19. Kumar, A., Xu, J., Brady, S., Gao, H., Yu, D., Reuben, J., and Mehta, K. Tissue transglutaminase promotes drug resistance and invasion by inducing mesenchymal transition in mammary epithelial cells. PLoS One 5, e13390 (2010)

20. Kumar, A., Xu, J., Sung, B., Kumar, S., Yu, D., Aggarwal, B. B., and Mehta, K. Evidence that GTP-binding domain but not catalytic domain of transglutaminase 2 is essential for epithelial-to-mesenchymal transition in mammary epithelial cells. Breast Cancer Res 14, R4 (2012)

21. Li, B., Antonyak, M. A., Druso, J. E., Cheng, L., Nikitin, A. Y., and Cerione, R. A. EGF potentiated oncogenesis requires a tissue transglutaminase-dependent signaling pathway leading to Src activation. Proc Natl Acad Sci U S A 107, 1408-1413 (2010)

22. Kumar, A., Gao, H., Xu, J., Reuben, J., Yu, D., and Mehta, K. Evidence that aberrant expression of tissue transglutaminase promotes stem cell characteristics in mammary epithelial cells. PLoS One 6, e20701 (2011)

23. Cooper, A. J., Wang, J., Pasternack, R., Fuchsbauer, H. L., Sheu, R. K., and Blass, J. P. Lysine-rich histone (H1) is a lysyl substrate of tissue transglutaminase: possible involvement of transglutaminase in the formation of nuclear aggregates in (CAG)(n)/Q(n) expansion diseases. Dev Neurosci 22, 404-417 (2000)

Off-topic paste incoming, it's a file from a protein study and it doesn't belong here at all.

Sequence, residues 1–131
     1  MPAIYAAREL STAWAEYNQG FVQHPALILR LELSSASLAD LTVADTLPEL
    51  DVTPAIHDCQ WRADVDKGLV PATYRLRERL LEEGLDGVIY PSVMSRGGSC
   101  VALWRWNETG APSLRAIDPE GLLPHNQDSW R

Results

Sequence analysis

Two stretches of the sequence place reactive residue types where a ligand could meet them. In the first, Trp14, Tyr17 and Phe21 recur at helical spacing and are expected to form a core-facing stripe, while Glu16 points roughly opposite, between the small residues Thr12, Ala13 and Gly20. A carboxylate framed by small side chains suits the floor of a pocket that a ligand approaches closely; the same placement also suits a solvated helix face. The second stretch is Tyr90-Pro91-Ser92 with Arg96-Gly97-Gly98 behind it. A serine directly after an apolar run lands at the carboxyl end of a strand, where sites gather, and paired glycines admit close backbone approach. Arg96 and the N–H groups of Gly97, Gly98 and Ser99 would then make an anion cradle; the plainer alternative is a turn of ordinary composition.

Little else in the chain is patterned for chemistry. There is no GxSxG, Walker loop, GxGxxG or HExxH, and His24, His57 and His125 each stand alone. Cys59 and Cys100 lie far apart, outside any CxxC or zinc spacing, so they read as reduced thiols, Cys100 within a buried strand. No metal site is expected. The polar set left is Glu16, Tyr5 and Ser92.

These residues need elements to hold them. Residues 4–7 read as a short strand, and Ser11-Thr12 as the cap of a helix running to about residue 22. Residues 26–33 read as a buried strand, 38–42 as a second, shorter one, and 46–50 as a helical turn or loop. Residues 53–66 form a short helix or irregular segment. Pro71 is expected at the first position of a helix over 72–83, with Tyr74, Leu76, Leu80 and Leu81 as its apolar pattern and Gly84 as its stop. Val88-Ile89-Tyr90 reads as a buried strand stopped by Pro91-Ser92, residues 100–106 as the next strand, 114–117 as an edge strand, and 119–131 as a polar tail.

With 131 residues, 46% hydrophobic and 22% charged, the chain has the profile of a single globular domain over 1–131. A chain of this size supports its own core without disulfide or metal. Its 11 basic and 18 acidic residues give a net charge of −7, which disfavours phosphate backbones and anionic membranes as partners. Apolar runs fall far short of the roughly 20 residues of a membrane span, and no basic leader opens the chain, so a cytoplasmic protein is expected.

24. Cooper, A. J., Jeitner, T. M., Gentile, V., and Blass, J. P. Cross linking of polyglutamine domains catalyzed by tissue transglutaminase is greatly favored with pathological-length repeats: does transglutaminase activity play a role in (CAG)(n)/Q(n)-expansion diseases? Neurochem Int 40, 53-67. (2002)

25. Cooper, A. J., Sheu, K. R., Burke, J. R., Onodera, O., Strittmatter, W. J., Roses, A. D., and Blass, J. P. Transglutaminase-catalyzed inactivation of glyceraldehyde 3-phosphate dehydrogenase and alpha-ketoglutarate dehydrogenase complex by polyglutamine domains of pathological length. Proc Natl Acad Sci U S A 94, 12604-12609 (1997)

26. Lee, J., Kim, Y. S., Choi, D. H., Bang, M. S., Han, T. R., Joh, T. H., and Kim, S. Y. Transglutaminase 2 induces nuclear factor-kappaB activation via a novel pathway in BV-2 microglia. J Biol Chem 279, 53725-53735 (2004)